100 Words On: The Real Reason Why Drive-Up ATMs Have Braille Keypads

One of life’s greatest so-called mysteries is why American drive-up automated teller machine keypads have Braille on them. On the surface it seems to be a preposterous notion. After all, the logic goes, blind people can’t drive; but who says only a car’s driver can use the ATM? Passengers can easily operate ATMs from the back seat too — and with the aid of head phones, the blind can enjoy drive-up banking in complete privacy. That’s why federal law rightly mandates Braille on drive-up ATMs.

The bottom line: Before boldly dismissing any notion as folly, you might want to evaluate it from multiple perspectives.

Photo Credit: orionpozo


  1. 1


    What I want to know is the reason American ATMs are designed for a Ford 250 instead of a regular sedan. I have to either get out of my car completely or look like a dog hanging out the window to use one.

    • 2


      @Wojo — I have that same problem: 1 short South Asian girl (me) + 1 tiny sedan car = consistently unable to reach the keypad. I have to either pull my car so close to the keypad that I risk deflating a tire on the curb, or else I have to simply get out of my car, inspiring laughter and mockery from all who watch me.

    • 6

      Len Penzo says

      So are PIN numbers. I think it’s due to an affliction known as “RAS syndrome” which, somewhat ironically, literally means “redundant acronym syndrome syndrome.”

  2. 7

    Sabz says

    Citi Bank had a keypad that could be moved up or down depending on the size of the vehicle. My friend had a truck so he always moved it up to reach it. I hope they still have those. It would be handy for you two, Wojo & Paula.

  3. 10

    snoopyloopy says

    I can’t believe no one has seen (or if they have, they’ve been silent) the most obvious reason yet: manufacturing efficiency. I’m pretty sure it’s much easier for a company to crank out one set of keypads than it is to produce two. They leave it up to the buyer to decide if the ATM will be in the mall lobby, the bank lobby, or a driveway behind the bank.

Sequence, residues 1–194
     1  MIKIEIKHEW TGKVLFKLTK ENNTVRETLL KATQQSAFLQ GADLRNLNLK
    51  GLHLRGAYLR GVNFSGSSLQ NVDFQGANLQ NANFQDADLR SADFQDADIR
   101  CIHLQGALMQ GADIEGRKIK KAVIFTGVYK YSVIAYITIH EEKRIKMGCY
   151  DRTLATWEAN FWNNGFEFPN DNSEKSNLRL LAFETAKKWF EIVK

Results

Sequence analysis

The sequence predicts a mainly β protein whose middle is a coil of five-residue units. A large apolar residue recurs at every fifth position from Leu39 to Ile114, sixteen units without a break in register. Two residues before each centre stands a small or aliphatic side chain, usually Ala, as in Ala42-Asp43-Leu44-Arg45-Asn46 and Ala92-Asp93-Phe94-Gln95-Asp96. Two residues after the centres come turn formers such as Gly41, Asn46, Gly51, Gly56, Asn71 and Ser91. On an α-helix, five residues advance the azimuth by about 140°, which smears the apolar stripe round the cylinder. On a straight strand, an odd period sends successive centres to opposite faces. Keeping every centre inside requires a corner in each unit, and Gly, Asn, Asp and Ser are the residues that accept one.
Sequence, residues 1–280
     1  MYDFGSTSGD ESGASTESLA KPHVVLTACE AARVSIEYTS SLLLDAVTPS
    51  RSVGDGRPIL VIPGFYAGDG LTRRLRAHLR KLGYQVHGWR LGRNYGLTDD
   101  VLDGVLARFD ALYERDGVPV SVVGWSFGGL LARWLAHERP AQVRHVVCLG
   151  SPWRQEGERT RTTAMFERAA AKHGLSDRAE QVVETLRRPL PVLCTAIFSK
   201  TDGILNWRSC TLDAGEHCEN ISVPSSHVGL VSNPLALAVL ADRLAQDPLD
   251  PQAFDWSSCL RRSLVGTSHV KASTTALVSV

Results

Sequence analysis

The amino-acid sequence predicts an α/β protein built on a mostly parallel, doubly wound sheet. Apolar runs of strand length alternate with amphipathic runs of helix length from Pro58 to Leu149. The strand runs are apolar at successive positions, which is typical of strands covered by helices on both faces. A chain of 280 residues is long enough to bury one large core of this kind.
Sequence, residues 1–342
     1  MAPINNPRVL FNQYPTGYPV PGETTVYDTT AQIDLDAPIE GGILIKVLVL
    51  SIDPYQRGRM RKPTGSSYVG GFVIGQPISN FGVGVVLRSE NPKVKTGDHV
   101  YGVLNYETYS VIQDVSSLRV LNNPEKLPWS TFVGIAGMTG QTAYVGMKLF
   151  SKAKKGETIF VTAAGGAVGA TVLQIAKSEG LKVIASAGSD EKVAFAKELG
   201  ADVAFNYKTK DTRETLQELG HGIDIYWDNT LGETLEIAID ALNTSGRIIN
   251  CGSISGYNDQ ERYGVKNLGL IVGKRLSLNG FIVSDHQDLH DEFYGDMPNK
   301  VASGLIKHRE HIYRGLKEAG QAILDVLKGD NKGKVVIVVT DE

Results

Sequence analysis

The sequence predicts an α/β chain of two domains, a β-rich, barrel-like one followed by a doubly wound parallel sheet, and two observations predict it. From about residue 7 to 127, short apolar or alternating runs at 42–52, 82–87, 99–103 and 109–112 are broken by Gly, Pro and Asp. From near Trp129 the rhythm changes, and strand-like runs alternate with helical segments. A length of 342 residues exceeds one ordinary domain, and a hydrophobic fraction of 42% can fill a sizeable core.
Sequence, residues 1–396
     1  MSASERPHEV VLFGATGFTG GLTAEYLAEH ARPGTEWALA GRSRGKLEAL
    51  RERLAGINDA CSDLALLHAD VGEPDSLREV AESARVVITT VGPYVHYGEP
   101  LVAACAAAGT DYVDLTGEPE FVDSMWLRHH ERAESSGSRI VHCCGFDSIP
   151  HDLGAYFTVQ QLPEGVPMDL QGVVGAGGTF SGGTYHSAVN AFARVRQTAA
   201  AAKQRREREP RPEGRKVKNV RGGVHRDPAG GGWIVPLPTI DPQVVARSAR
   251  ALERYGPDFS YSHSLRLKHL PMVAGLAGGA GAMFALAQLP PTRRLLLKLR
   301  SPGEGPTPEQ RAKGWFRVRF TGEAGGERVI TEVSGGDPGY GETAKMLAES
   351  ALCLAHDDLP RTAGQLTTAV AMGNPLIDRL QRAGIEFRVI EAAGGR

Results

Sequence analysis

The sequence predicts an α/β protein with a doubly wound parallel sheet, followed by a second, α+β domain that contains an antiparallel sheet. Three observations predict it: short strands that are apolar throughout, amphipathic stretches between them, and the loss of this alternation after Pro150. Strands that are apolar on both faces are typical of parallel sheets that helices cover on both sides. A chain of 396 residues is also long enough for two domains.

• 11

      Len Penzo says

      Yes, I’ve heard that argument too. However, that was clearly not the motive because the banking industry fought against having Braille on drive-up ATMs.

  4. 12

    Ben says

    Len-you’re a hoot! I get an emormous kick & satisfaction, not to mention amusement reading your blog. Your out of the box sense of humor entertains me to no end. Thanks!

  5. 14

    Samiam says

    On a similar note, I have always wondered why Elevators in parking ramps have Braille and audible indicators for the blind.

  6. 17


    As one of your blind subscribers, I found this post especially insightful. Now, if only we could get computer developers to use half your common sense to think ahead this way, we’d have more jobs to help more of my blind brethren become tax payers rather than tax burdens. Keep up the good work! Oh, and by the way, since we’re on a blind note, thanks for not using those stupid CAPTCHA things that make it unnecessarily difficult to leave comments.

    • 18

      Len Penzo says

      Thanks, Joe. Sorry for the CAPTCHA, but if I didn’t use it, I would be inundated with spam. Even with the CAPTCHA tool, I have been hit with more than 1 million spam comments over almost six years of blogging. (Yes, more than 1 million. If it wasn’t for the Akismet spam filter, I would have had to disable the comments section entirely.)

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